Organochlorine pesticides and PCBs in streambed sediment and fish tissue from effluent- dependent streams exceeded guidelines for protection of aquatic life and fish-eating wildlife. Probable effect levels (PELs) for sediment (Canadian Council of Ministers of the Environment, 1999) were exceeded for DDE and total chlordane in samples from the 91st Avenue WWTP and at a site near the discharge point from the Nogales WWTP into the Santa Cruz River. The PEL is a concentration above which adverse effects to aquatic organisms are predicted to occur frequently. Exceedance of the PEL concentrations indicates that bottom-dwelling aquatic organisms may be adversely affected by toxicity. Total DDT (91st Avenue WWTP) and PCBs (Santa Cruz River at Tubac) in fish-tissue samples exceeded New York State guidelines (Newell and others, 1987) for the protection of fish-eating wildlife. These guidelines are being applied to findings from NAWQA Study Units nationwide. DDT, which breaks down to form DDE and DDD, is associated with past use of DDT in agricultural areas. Use of DDT was discontinued in Arizona in 1969. PCBs were primarily used in industrial and urban settings, but their use was discontinued in 1979. Exceedances of tissue guidelines can result in reduced reproductive ability and other possible adverse effects in wildlife that eat contaminated fish (Faber and Hickey, 1973).
As in effluent-dependent streams, nutrient concentrations in agricultural/urban streams were elevated compared with concentrations in forest/rangeland streams (fig. 11). This is no surprise given that the two agricultural/urban streams—Buckeye Canal near Avondale and Hassayampa River near Arlington—receive effluent from the 91st Avenue WWTP in Phoenix. The effluent is mixed with ground water in Buckeye Canal and used to irrigate cotton and other crops. Downstream, effluent and irrigation return flows in Buckeye Canal are discharged into the Hassayampa River near Arlington. At this point, the water has been used and reused for agricultural irrigation, and nitrate concentrations are typically higher than those in the original effluent (fig. 11) because of the use of fertilizers in the agricultural area near Buckeye.
Herbicides were detected in streams soon after application to agricultural lands, but concentrations did not exceed guidelines for protection of aquatic life. In the West Salt River Valley west of Phoenix, the pre-emergent herbicides dacthal, EPTC, simazine, and trifluralin are applied to tilled fields prior to cotton planting in the early spring to control weeds. They may be reapplied in the fall to fields where winter crops are grown. These herbicides were detected in surface-water samples from the agricultural/urban streams in the early spring and fall, soon after application. Changes in concentrations of dacthal at the Hassayampa River near Arlington (fig. 15) are representative of the patterns seen for herbicide concentrations at both sites. Agricultural and rainfall runoff carry these pesticides to streams. Because streamflow at these sites is not used for drinking water but does sustain aquatic life, guidelines for the protection of aquatic life were used to evaluate water quality. Aquatic-life guidelines for simazine and trifluralin were not exceeded in any samples from these sites. There are no aquatic-life guidelines for dacthal and EPTC.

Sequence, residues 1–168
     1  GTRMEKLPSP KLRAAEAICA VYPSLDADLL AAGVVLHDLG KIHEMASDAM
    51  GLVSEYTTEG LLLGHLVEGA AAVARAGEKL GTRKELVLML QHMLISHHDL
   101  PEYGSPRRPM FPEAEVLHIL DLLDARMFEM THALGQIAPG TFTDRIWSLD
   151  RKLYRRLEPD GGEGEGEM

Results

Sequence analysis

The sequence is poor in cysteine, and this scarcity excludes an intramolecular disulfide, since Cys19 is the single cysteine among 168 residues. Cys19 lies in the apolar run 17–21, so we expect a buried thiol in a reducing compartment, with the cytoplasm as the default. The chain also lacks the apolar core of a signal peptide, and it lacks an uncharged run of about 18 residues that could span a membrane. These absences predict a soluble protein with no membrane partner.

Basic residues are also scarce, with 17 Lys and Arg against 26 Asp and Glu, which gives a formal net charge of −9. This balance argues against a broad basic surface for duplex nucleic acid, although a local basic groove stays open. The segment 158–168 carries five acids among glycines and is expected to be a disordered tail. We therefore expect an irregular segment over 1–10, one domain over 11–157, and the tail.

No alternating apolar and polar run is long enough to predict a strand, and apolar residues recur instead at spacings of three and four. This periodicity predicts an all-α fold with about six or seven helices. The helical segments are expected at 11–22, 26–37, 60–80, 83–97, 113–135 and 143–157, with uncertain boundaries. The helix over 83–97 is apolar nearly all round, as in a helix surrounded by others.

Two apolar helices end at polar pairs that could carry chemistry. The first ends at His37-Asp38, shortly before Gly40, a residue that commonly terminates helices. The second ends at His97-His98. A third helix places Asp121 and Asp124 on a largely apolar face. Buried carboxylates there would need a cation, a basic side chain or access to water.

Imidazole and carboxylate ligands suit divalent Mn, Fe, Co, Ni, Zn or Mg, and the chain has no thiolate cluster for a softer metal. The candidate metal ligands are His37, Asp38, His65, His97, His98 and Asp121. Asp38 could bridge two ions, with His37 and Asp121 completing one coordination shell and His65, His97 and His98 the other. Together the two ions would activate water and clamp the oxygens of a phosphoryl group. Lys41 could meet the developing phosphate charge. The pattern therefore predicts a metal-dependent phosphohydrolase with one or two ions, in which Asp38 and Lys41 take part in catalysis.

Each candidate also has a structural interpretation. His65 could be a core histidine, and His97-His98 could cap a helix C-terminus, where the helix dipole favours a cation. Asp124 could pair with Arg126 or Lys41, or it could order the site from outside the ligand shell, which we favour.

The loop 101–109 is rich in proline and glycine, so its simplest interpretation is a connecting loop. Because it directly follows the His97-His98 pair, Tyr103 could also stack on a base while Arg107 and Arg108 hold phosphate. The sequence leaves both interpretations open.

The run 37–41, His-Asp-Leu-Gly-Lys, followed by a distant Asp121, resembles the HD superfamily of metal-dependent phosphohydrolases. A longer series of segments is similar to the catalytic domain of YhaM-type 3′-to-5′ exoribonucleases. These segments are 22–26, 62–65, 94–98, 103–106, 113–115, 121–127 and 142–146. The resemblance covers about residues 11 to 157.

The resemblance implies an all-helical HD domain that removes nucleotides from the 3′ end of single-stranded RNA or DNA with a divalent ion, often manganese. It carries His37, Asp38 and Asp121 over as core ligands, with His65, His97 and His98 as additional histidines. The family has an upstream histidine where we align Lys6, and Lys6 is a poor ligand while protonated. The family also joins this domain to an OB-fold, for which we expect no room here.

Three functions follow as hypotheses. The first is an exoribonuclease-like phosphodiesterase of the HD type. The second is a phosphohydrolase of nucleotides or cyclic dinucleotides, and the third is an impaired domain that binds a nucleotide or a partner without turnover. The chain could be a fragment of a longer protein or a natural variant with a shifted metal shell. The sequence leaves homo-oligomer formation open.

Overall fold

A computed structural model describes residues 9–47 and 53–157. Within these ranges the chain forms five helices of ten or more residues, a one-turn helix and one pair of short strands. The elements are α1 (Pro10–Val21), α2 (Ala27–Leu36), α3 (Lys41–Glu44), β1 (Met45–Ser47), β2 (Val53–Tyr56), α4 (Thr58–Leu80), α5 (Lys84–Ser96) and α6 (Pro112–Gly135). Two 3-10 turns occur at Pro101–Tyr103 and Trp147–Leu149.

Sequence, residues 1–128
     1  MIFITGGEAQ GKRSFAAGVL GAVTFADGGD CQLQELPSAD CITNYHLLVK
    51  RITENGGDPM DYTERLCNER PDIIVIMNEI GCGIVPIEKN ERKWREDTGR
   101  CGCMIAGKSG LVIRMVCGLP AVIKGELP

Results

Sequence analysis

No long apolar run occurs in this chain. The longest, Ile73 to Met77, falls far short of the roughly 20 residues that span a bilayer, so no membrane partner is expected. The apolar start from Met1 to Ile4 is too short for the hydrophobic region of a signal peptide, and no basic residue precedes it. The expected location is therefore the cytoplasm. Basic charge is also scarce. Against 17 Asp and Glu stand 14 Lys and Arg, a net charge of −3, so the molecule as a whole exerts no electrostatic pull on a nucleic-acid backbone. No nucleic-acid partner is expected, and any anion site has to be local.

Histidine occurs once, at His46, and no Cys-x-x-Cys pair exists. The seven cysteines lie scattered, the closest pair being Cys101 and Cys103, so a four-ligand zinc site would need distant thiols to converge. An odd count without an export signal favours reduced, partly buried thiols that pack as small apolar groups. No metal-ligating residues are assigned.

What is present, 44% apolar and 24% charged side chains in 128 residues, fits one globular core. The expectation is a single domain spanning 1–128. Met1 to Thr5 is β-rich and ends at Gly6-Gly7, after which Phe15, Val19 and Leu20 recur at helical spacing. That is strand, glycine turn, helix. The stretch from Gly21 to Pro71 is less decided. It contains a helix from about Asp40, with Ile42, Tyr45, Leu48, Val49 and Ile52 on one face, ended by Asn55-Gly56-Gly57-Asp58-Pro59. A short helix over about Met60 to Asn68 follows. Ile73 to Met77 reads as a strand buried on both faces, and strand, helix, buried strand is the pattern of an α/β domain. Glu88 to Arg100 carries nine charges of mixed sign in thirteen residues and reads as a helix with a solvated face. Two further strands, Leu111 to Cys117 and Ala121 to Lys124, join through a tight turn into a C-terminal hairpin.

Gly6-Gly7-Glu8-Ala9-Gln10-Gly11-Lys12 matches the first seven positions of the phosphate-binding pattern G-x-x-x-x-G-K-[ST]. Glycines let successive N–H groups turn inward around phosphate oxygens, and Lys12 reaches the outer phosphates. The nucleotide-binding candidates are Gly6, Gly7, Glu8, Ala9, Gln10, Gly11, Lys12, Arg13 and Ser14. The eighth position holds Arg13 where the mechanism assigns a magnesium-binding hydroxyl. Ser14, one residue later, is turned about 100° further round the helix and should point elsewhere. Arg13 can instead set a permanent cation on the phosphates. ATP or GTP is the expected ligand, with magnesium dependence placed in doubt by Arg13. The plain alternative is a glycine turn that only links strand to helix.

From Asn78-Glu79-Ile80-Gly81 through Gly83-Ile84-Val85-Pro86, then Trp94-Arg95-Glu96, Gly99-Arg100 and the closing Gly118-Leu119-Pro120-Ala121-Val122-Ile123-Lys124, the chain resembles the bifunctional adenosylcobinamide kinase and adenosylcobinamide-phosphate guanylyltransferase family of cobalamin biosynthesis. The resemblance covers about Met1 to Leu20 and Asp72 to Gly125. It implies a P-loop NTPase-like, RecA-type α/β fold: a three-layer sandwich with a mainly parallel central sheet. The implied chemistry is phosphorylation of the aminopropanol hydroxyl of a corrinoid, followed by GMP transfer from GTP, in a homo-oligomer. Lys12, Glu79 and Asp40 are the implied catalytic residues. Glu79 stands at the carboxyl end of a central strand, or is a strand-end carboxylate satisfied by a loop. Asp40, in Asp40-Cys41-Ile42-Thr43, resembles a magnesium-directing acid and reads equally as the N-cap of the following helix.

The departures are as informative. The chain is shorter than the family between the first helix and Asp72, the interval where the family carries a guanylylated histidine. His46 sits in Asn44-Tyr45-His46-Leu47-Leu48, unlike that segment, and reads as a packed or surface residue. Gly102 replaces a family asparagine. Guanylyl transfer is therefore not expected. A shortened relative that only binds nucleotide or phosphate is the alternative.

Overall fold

Organochlorine pesticides that persist in streambed sediment and in fish tissue from an agricultural/urban stream are a concern for aquatic ecosystem health. PEL concentrations for sediment were exceeded for DDE and DDT at the agricultural/urban stream site on the Buckeye Canal near the Hassayampa River (adjacent to the Hassayampa River at Arlington site, see p. 26). Concentrations of DDE in fish-tissue samples from this site exceeded guidelines established by New York State (Newell and others, 1987) for the protection of fish-eating wildlife. Concentrations of toxaphene in two out of three fish-tissue samples from the same site exceeded the National Academy of Science/National Academy of Engineering (1973) guideline for the protection of fish-eating wildlife. Past use of pesticides including DDT, toxaphene, and others on agricultural areas in the West Salt River Valley is the source of these pesticides. Though use of these pesticides was discontinued decades ago, the pesticides persist over time and their breakdown products continue to enter streams by erosion of contaminated soils, surface-water runoff, and atmospheric deposition. Exceedances of tissue guidelines indicate possible adverse effects, such as reduced reproductive ability and eggshell thinning, to birds and other wildlife that eat contaminated fish (Faber and Hickey, 1973).